Kiler Grove is a local winery to us, to our great delight (Salt Lake City’s first winery!). We have been a fan since day one. Fermenting luscious, studiously strong wines since last spring, Kiler Grove has risen to the high ranks of our rigorous approval list. Winemaker Micheal Knight has been gracing the valley with his wineries seductive “Trebbiano,” a studious, deep and full white wine mix of 90% Trebbiano and 10% Sauvingnon Blanc; their “Interpretation,” a heady, old world, earthy and chewy/silky mélange of Grenache, Mourvédre and Petite Sirah; the ever popular “Zinergy,” a fantastic blend of Zinfandel, Petite Sirah and rounding off with 5% Grenache, that exhibit well rounded deep cherry and abundant dark earth; the 100% “Zinfandel,” Paso Robles grapes, has always had a backed up bottle perching in our wine rack, having a finesse and elegance whilst remaining spicy and succulent near the back end; and finally their flagship “Petite Sirah,” a 90% Petite Sirah, 5% Grenache and 5% Mourvédre blend that, especially in their previous bottling, the 2007 vintage, was a sensuous, dreamy, velvety and bold wine with dark pleasantness and well rounded, fruity flair.
More recently the winery has released their 2009 “Grenache,” which we were able to try (and purchased) during a recent tasting. Although not as tight, and succulent as their other offerings, it did offer an interesting and complex motif that reminded us of wines from South America, even hints of Rioja-like terrior. With some age, or the right food pairings, this wine would be lovely to spend an evening with.
With the aforementioned tasting we also purchased their new 2009 Petite Sirah–two bottles, in fact. During the tasting we noticed right away that this was a different wine entirely from their 2007 vintage. Close enough in style, yes, but this had a deeper vibe, some unwieldy, surprising quirk. We weren’t quite sure if it was young, lavished a new experimental mix, or our expectations were through the roof. We had to find out with an expanded tasting of an entire bottle. Two bottles would suffice; one young, one for drinking somewhere down the road (knowing us, a month or two from now).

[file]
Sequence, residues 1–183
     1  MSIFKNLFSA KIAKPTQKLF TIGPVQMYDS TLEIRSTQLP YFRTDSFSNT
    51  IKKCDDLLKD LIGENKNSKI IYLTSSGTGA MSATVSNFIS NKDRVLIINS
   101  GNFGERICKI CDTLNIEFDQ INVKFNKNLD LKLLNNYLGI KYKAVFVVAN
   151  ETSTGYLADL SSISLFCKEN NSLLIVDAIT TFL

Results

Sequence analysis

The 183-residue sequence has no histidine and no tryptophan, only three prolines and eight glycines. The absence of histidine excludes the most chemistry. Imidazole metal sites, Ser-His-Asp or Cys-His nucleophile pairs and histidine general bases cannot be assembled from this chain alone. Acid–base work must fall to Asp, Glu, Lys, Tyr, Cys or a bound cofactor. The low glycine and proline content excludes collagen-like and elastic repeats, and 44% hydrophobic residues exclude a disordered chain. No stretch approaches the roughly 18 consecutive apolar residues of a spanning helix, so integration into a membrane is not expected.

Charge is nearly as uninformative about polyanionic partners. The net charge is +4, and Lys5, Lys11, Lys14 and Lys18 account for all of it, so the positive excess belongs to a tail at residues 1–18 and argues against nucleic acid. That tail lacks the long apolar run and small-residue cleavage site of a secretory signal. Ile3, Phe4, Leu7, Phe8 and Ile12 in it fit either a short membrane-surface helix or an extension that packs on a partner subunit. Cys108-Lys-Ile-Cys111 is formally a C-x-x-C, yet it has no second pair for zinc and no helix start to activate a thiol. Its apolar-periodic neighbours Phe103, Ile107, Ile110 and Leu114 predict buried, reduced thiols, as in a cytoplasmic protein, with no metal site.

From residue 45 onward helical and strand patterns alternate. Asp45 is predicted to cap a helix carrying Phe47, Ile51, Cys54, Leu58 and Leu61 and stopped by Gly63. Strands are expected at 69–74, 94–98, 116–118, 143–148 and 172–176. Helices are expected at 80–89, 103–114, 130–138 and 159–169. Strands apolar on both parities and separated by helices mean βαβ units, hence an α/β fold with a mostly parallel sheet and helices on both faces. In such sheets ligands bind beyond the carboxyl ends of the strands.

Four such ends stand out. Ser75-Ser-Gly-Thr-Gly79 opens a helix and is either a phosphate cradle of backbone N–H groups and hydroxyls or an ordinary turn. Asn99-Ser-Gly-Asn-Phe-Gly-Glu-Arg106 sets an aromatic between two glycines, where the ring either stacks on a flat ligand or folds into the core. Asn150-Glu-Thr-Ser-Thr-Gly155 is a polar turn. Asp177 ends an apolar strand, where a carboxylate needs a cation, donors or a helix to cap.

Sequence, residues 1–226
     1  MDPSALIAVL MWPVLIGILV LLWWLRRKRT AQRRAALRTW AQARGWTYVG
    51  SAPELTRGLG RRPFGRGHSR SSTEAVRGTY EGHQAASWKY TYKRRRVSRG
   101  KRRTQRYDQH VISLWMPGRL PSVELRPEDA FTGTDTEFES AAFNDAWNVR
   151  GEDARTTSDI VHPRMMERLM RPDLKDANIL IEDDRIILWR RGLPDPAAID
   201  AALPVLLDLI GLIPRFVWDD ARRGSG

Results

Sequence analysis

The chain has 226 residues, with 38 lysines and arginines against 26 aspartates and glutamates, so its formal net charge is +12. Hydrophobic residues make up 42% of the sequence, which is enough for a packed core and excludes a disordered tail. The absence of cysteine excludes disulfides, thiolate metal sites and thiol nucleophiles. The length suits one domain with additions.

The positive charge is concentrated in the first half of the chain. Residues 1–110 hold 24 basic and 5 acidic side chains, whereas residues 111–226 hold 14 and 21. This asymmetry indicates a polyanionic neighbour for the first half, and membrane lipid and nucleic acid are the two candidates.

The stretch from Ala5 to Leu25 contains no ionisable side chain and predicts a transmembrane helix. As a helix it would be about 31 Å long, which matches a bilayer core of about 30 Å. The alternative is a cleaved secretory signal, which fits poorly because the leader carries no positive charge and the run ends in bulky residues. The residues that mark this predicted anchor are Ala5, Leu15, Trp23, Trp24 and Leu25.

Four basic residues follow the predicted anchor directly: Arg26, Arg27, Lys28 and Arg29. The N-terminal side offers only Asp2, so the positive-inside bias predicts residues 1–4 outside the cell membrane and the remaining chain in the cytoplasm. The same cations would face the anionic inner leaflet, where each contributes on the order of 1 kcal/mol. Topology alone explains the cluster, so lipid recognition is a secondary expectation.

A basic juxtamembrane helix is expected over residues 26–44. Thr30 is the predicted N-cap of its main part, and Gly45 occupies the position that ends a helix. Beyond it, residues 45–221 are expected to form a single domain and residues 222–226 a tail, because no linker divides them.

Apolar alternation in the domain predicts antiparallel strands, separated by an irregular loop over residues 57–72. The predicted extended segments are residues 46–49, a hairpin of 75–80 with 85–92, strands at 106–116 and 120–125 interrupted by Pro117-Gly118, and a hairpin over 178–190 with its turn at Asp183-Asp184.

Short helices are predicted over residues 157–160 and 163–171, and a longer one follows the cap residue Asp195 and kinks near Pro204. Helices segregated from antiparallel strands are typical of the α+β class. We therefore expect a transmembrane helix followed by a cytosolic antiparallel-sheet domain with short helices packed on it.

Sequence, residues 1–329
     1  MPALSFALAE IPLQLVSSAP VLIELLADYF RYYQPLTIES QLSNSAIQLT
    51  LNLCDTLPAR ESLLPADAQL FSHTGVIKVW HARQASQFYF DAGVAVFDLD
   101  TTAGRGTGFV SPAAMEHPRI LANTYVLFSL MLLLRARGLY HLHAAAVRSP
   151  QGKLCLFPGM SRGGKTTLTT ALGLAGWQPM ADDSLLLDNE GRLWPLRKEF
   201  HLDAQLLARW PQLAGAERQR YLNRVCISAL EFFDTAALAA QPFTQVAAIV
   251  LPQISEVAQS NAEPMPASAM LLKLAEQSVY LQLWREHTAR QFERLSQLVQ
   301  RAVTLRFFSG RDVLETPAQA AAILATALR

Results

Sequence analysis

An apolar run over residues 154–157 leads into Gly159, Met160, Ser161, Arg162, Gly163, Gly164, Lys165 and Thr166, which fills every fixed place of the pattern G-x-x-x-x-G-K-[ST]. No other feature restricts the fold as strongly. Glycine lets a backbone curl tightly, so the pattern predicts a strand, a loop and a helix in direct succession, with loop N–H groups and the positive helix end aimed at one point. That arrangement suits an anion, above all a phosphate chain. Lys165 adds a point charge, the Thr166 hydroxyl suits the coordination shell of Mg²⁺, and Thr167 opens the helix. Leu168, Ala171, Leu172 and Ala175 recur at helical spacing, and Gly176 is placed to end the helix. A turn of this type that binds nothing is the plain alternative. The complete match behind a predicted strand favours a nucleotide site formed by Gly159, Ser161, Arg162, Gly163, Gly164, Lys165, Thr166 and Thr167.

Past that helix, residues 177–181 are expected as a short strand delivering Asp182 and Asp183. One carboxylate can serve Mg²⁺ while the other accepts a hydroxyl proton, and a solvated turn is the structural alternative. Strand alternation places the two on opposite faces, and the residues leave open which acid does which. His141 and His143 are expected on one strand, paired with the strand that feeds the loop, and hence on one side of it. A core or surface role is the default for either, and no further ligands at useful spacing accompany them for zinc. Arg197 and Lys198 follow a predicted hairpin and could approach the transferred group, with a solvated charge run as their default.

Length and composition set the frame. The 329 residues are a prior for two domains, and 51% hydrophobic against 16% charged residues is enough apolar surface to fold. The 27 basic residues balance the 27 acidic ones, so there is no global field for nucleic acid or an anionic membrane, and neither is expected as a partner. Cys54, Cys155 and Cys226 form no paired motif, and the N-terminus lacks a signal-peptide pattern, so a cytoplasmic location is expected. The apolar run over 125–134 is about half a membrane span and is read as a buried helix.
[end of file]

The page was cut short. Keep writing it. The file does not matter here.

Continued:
Kiler Grove Petite Sirah 2009 $26 14.5%
– Purple-plum dark; a sure-thang to darken your lips, blacken the tongue. The destitute pirate look is in now a’ days, so…
– There’s a deep floral and fruit forward wall that clamors its way into the back of your nostrils. Very potent. Pomegranate, deep cherry and cedar become clear in time. After some warmth, there was a great deal of tart, almost a candy redolence–like a sour patch kid, that lingered. Glands salivated.
– Darkness prevails; this is a young wine, for sure. The classic characteristic of Petite is all there; chunky, heady and full of alcoholic back bone. There is a great amount of sweetness present, but fear not, it is perfectly situated and kept controlled by the wines darkest recesses. This Petite is pleasant to the last drop, going down easy, but making itself known with a kick and bite on the way down. A complaint, however: it is a little too young, and because of this there is a distinct lack of rounded coalescence in the mid range. The character is just not there yet. We also noted that the linger was “very limp,” almost chubby with its alcoholic presence.
Overall: Worthy. It may be a little pricy, at $26, for a Petite Sirah experience you can get for a few bucks less from vineyards in the southern wilds of Australia or Northern California. But this wine does offer classy distinctiveness in its restraint of sweet and just-so tart that other Petites can’t quite offer. Not to mention that there are many years of ever changing elegance that this wine will soon discover. Try this: Leave a scolding note to yourself – your future self – for opening the bottle so young, and stick it on the cap for a good couple of years. That should keep you at bay.
Quote of the Evening:
Every episode [of Star Trek] should have found some way for Spock to take off his shirt.